Lifestyle

Doing it to Myself

There was once a time when I lived in a constant state of hate and anger. The only comfort known was that of an inescapable prison, which felt like my home. It was a false comfort because as familiar as it was, I knew there had to be something else beyond those walls. The sad part of it was, I believed it just wasn’t for me. My heart was overwhelmed by dark thoughts and thoroughly convinced that this was all there was out there for me.

As much pain and suffering that I endured, I felt like I had the right to live on the road to self destruction. Not only were bad things done to me, but also by me, which I deeply regret. In lonely isolation, I pulled away from others, especially anyone that wanted to help me get off this path. It was my right, after all, to do what I wanted. I reasoned, I’m doing it to myself; stay out of my business! I pushed others away, fiercely holding on to my anger as if it were all I had left to hold on to. Everything else was stripped away.

Fortunately, I don’t believe this logic to be true anymore. There are some things we do, to ourselves, while trying to cope with life’s heartaches. But seldom, if ever, does it not affect the life of another. We may not see the impact but that doesn’t mean it does not exist. We simply have no idea the implications our decisions have on the world around us. It’s like the ripple effect by throwing a stone into a pond. It’s impossible not to have a result come from our actions.

A series of events occurs in our lives, one chained to another. Our decisions have a lasting impact, even long after we move on from them. We have no idea the ripple effect that occurs as a result of the stone we throw, even if it’s only at ourselves. What if someone else picked up the same stone and hurt someone with it. We may not have deemed it for that purpose, but nonetheless we have no control over what others do with the stone. Why show the world how to destroy oneself? The world seems to do a good enough job of that on it’s own.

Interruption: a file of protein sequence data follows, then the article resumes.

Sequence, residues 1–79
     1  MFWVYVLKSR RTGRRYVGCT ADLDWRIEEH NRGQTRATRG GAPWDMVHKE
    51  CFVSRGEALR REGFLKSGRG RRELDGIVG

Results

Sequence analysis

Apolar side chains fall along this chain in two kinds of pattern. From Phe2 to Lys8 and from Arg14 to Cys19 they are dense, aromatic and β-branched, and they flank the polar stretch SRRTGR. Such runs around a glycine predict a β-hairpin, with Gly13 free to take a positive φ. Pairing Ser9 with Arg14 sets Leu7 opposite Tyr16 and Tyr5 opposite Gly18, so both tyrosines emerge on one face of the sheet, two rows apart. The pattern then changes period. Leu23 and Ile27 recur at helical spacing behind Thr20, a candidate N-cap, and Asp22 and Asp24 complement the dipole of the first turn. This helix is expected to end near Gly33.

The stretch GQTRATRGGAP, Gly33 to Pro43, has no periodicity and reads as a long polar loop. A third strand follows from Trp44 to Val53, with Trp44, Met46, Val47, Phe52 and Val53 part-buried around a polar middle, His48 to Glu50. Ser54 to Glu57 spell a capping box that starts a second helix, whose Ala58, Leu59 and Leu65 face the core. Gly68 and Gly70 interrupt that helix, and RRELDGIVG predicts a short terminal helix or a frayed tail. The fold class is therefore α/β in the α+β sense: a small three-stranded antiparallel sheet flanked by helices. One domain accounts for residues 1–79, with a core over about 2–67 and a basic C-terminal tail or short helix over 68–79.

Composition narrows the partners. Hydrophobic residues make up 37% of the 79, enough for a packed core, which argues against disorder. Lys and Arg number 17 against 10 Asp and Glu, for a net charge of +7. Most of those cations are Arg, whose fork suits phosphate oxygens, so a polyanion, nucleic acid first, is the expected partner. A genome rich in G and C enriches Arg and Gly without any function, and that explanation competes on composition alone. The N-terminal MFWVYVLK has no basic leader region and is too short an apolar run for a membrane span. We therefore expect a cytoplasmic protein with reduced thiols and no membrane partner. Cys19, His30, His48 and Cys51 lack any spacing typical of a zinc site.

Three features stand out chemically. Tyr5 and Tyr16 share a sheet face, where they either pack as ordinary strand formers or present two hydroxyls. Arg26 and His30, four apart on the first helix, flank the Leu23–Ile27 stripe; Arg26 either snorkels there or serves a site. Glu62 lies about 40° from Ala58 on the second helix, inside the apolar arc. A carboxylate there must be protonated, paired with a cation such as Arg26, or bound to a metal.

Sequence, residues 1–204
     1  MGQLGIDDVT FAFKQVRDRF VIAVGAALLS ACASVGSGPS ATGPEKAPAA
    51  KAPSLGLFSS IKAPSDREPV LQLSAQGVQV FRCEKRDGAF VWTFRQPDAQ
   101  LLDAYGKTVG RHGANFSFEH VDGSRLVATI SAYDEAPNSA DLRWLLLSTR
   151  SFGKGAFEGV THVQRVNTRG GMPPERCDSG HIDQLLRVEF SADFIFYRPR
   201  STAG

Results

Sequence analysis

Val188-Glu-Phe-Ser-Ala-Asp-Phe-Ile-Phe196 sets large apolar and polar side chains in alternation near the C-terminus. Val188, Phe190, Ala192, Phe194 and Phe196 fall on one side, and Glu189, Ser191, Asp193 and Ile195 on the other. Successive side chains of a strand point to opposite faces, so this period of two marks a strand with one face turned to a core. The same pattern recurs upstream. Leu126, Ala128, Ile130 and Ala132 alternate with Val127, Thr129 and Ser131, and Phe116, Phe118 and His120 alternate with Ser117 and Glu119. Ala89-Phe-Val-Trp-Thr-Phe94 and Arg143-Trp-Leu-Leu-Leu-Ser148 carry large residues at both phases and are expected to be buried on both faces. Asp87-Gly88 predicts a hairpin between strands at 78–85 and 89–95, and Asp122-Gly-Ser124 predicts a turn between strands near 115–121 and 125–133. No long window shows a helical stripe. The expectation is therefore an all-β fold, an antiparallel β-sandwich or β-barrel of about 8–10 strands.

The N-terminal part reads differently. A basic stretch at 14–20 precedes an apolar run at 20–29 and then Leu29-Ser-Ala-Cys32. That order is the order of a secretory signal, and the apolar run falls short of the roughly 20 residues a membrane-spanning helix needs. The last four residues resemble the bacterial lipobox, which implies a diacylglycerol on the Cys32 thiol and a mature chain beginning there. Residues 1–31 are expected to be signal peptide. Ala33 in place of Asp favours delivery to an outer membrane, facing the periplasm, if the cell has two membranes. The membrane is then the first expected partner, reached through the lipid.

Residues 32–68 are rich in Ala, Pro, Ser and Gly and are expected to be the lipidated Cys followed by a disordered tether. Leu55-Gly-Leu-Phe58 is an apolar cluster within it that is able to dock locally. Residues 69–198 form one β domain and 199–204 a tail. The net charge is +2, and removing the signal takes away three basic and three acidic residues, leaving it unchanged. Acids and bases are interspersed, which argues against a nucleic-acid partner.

It seemed impossible for me to believe that I deserved a better life, that I deserved freedom. I clung selfishly to anger without regard for anyone else. It was all I knew to survive the times I was living in. A life of self destruction promised me many things, but inside I felt hollow and unsatisfied. Choosing to live that way was one of the most selfish things I had ever done.

Understand that living this sort of lifestyle prevents us from becoming who we were created to be. By choosing to destroy ourselves, it limits our ability to help others. One truth of life is that we are all in this thing together. Many are born and many pass on. It’s what we do with our time here that matters. Whether we make no difference at all or a world of difference, the choice is ours.

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